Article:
4 Day Tokyo Itinerary – The Best Trip to Tokyo Itinerary
Wondering how to spend 4 days in Tokyo? This 4 Day Tokyo Itinerary is great for anyone who is visiting Tokyo for the first time. It will help you plan your Tokyo trip.
You may think four days in Tokyo is too much time but honesty there is so much to do! I also have a 3 days in Tokyo Itinerary and a 5 day Tokyo Itinerary if you want to check those out.
I used to live in Japan and when I put together this Tokyo 4 days itinerary I thought a lot about what is the best of the best to see and do and eat!
Here is an overview of the Tokyo itinerary 4 days (4 days 3 nights Tokyo) and what we will be doing:
Day 1 – Historic and Cultural Tokyo – Asakusa and Akihabara
Day 2 – Culture and Food in Tokyo – Tsukiji, teamLab Borderless
Day 3 – Modern Tokyo – Shibuya and Harajuku
Day 4 – Day trip to Mount Fuji
I have over 30 articles on Japan on my site if you are looking for more information. I have hotel guides for Where to stay in Tokyo for first time visitors and also guides for Shinjuku Hotels and Ginza Hotels.
I also recommend checking out my post on the Best Travel Apps for Japan to make your trip run nice and smoothly.
If you would like to do a different day trip from Tokyo or have an extra day, check out my post on the Best Day Trips from Tokyo.
What to do in Tokyo in 4 days – must see in Tokyo in 4 days
Day 1 – Historic and Cultural Tokyo – Asakusa and Akihabara
Morning – Asakusa
The best way to start your 4 day trip to Tokyo is by immersing yourself with a full heritage and subcultural day in one of Japan’s historical temples located in Asakusa. Asakusa District is the center of Tokyo’s shitamachi, which literally means “low city” because it has a low elevation of this old part of Tokyo. You can easily explore this district on foot and you will find a lot of temples and shrines.
Sensoji or Asakusa Kannon Temple is a Buddhist Temple located in Asakusa. It is one of the most visited places in Tokyo. Upon entering the temple, you will first pass through the Kaminarimon (Thunder Gate), the outer gate of Senosji Temple, and the symbol of Asukasa.
There are a lot of events that are being held throughout the year in the Sensoji Temple. The biggest event held in Sensoji Temple is the Sanja Matsuri Temple which is an annual festival of the Asukasa Shrine held every May.
Asakusa Shrine is a small Shinto shrine that honors the three commoners who were deeply engaged in the foundation of Sensoji. You can easily locate this shrine because it is located next to SensojiTemple and marked by a large stone torii.
Most visitors who go to Asakusa Shrine pray for happiness and protection because it has been said hat any wish can come true when made in earnest at this shrine. Some also pray for good heath, success in business, and even to pass their entrance tests.
Just 200 meters from the Sensoji Temple, is a shopping street named Nakamise, which leads from the outer gate to the second gate of the temple, Hozomon. There you will find a lot of Japanese souvenirs and folding fans that you can buy for your family and friends, as well as traditional Japanese snacks. You can spend your entire morning exploring each and every single one of the stores in Nakamise.
Lunch – Asakusa Sushi Ken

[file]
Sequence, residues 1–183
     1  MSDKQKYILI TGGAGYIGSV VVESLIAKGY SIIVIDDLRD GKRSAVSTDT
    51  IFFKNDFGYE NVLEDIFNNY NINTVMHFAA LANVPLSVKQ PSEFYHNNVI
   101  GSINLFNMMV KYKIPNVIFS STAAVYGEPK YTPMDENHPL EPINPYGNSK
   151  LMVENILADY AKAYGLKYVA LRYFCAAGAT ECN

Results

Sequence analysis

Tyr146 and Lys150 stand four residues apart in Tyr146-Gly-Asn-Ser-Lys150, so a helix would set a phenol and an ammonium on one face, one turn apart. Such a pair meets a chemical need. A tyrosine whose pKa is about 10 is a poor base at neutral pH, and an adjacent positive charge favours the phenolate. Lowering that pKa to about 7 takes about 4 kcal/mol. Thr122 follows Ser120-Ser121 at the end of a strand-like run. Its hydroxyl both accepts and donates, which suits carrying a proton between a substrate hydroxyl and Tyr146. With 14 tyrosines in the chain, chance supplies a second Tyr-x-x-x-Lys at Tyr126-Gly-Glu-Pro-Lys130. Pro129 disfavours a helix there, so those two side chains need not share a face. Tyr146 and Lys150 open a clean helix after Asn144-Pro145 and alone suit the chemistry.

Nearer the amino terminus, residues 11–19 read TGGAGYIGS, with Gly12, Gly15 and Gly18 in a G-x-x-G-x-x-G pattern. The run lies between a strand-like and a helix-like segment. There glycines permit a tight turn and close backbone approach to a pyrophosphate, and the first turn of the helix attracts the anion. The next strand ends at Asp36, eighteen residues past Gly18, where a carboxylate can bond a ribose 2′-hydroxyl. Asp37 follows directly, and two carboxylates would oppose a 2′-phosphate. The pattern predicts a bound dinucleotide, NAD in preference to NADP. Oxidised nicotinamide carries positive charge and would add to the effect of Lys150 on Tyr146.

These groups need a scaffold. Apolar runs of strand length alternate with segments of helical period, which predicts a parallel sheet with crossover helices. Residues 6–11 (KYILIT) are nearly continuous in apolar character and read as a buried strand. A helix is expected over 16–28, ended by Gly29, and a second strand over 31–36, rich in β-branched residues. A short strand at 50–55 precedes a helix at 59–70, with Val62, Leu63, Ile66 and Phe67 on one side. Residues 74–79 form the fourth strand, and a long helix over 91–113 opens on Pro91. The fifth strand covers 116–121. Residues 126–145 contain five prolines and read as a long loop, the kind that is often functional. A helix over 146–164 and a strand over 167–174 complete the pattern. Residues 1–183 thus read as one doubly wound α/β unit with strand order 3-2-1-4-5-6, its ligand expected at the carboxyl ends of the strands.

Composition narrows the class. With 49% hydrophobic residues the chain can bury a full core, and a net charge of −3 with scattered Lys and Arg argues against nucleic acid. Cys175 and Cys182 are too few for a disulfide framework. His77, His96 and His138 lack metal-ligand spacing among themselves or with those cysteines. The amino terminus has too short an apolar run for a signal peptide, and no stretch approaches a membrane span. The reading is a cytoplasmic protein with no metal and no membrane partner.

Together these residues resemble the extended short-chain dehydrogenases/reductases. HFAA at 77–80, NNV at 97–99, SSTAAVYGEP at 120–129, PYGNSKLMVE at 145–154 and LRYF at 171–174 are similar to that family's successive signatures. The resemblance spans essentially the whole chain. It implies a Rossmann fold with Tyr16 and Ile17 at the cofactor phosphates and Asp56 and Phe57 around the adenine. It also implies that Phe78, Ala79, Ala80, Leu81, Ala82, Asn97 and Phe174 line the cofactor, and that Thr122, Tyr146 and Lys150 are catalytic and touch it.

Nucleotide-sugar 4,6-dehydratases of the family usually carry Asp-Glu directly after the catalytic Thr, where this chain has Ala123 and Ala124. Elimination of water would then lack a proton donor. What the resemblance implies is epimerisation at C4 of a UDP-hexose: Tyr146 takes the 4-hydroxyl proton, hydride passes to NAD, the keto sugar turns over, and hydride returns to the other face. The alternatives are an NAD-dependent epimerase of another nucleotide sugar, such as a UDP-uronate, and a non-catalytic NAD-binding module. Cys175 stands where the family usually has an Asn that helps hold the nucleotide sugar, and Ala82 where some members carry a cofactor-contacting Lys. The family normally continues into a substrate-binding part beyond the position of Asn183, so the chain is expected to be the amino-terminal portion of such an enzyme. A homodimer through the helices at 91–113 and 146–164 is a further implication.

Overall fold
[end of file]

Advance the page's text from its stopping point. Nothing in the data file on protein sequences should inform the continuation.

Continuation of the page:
This restaurant is the first Halal Sushi restaurant in Japan and it is just a 6-minute walk from Nakamise street. This restaurant will greet you either at their counter seats from which you can personally see the chef make your sushi in front of you, or in one of their tatami-floored rooms.
Prepare yourself to be amazed at how the chefs skillfully prepare your sushi and the prices start from 100 JPY per piece and the prices are pretty reasonable. Aside from sushi, you also have other options on the menu such as Kohada, or Seasonal Squid with Yuzu and Salt. But the most recommended dish in this restaurant is the Nigri Deluxe which is a hand-formed sushi.
Afternoon – Akihabara
Akihabara (nicknamed as the Electric Town of Tokyo) is considered as the center of anime culture in Japan and it is the most famous place to go for a great shopping experience in Tokyo. From Asakusa, you can either walk for 45 minutes, or take a cab or the subway to get to Akihabara. And prepare to satisfy yourself with manga and Japanese subculture dreams!
Maid Cafes are cosplay themed restaurants in Akihabara where visitors and guests are served by waitresses dressed as French maids and they can engage in conversation and games with the customers.
Maid cafes are popular with both men and women and some cafes have English speaking maids such as @Home Cafe.
Don Quijote is a very popular discount store chain in Japan that sells everything from groceries, toys, to electronics and high end fashion goods. Their Akihabara branch is the home to the girl pop group AKB48, who perform daily shows at their theater on the 8th floor of the store.
It is one of Akihabara’s famous and iconic landmarks and they feature more than 30 stores that sell electronic goods, as well as anime related stuff. Here you can find some of the famous stores such as K-Books, Kaiyodo, and Volks which sell all kinds of manga, models, toys, trading cards, and other collectibles.
Mandarake is the center of all manga and anime stuff in Japan. This is the perfect place to splurge on kitschy items. They also specialize in pre-owned goods, and it is a good place to look for rare and collectible manga items, figurines, dolls, posters, and other manga related goods.